Angel Tree helping families in Lonoke County

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<p>Mark Buffalo</p><p>Debbie Atkins with the Lonoke County Christmas Coalition talks about the toys and gifts that have been donated during the holiday season.</p>

A decades-old tradition of giving continues this Holiday season through the efforts of the Lonoke County Christmas Coalition’s annual Angel Tree program for local families in need.

Debbie Atkins, who has been involved with the program since its inception roughly 22 years ago, said the program accepts applications each year from as many as 300 families in the Lonoke County area. With support from the community and local retailers, Atkins said she and other volunteers are able to provide gifts for each of those families.

“We’ve never had a year that we didn’t have everyone taken care of,” she said. “We’ve got a lot of really good support with the community.”

The program accepts applications from families during October and November. This gives volunteers enough time to process the applications, purchase the gifts and have them ready before Christmas. Atkins said most, but not all, of the gifts will be distributed on Dec. 13 and 14. Gifts that aren’t distributed on these dates will still be available before Christmas.

“If we tell them we’re going to have them something,” Atkins said, “we’ll have them something.”

Even when a need arises at the last minute due to unforeseen circumstances within a family, the organization makes every effort to ensure that the children still have gifts to open on Christmas morning. Such was the case several years ago, Atkins said, when she received a call about a grandmother who had unexpectedly received custody of her six grandchildren just three days before Christmas.

With limited resources and no time to shop, the grandmother was unable to provide gifts for the children, so Atkins and her husband brought gifts to the family on Christmas Eve.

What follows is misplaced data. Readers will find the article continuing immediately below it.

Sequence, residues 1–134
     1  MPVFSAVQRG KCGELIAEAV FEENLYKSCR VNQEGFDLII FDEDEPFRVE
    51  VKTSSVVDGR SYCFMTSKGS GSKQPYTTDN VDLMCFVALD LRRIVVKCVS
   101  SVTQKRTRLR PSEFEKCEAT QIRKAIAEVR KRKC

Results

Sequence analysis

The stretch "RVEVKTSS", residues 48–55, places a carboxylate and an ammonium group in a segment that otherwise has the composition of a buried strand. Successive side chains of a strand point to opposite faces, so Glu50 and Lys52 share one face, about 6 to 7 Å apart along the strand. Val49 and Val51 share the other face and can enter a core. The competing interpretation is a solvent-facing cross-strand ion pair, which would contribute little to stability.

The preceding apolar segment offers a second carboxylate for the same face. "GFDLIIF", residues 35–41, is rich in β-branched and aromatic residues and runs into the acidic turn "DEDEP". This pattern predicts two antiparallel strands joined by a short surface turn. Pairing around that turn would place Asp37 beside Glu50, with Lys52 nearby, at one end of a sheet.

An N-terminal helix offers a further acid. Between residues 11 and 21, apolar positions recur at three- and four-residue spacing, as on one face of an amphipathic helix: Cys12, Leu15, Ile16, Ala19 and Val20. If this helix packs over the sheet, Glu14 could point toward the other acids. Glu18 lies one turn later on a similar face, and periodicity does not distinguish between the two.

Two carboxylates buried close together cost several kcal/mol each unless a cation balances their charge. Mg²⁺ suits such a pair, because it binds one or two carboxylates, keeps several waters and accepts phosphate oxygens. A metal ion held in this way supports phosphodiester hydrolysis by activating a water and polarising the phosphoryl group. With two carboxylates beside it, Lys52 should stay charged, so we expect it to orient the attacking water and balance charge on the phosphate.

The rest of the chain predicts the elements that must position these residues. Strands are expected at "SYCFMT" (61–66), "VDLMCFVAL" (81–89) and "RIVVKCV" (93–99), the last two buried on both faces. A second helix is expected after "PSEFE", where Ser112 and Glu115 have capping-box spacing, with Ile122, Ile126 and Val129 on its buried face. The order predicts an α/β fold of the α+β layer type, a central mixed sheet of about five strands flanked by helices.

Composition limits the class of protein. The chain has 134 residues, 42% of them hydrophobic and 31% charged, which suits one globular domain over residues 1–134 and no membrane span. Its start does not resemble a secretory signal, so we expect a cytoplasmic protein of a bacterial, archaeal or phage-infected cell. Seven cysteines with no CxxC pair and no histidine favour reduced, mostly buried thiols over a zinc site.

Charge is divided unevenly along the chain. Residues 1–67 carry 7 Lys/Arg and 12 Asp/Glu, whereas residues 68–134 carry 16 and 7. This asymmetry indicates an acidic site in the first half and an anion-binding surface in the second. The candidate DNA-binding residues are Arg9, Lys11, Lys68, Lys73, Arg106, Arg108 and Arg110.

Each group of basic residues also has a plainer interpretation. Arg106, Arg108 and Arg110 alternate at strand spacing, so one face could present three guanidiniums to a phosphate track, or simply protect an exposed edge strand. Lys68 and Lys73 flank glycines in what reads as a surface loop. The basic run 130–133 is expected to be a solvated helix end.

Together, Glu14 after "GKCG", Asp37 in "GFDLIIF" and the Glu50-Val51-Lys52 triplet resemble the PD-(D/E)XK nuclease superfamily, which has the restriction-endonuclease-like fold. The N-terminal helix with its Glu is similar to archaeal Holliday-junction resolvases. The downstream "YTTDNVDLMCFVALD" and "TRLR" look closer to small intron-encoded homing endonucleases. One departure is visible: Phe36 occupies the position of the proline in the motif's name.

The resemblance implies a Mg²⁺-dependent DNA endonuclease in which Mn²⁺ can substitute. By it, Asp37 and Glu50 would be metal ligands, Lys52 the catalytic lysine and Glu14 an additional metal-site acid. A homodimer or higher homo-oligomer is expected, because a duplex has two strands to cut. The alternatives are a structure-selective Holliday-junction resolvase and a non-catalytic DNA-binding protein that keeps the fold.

“She just cried and cried,” said Atkins, referring to the grandmother.

The gift-giving and gift-receiving is typically done anonymously, Atkins said. A number is assigned to each family during the application process, so when a family comes to pick up their gifts, the only information they need to provide is their assigned number.

Atkins said they try to make sure the families get the things they need, like coats and pajamas, plus a few toys from their wishlists. Popular wish list items this year include the Baby Alive doll, Legos, Monster High dolls and, of course, bikes.

“Bikes are always at the top of the list,” Atkins said.

Once all the gifts have been purchased, the Lonoke County Co-Op picks them up from various locations in the area and brings them to a central location where they can be picked up, Atkins said. She credits Knox Realty for lending them a space large enough to accommodate all the gifts.

“It’s pretty impressive when you get it together in one room,” she said. “It’s a lot of stuff.”

The Angel Trees are located at Arvest Bank, the Lonoke Banking Center and First State Bank, as well as the Cabot Wal-Mart, Atkins said. Those wanting to help can either sponsor a family and shop for the gifts on the wish list, or donate money and let someone else do the shopping.

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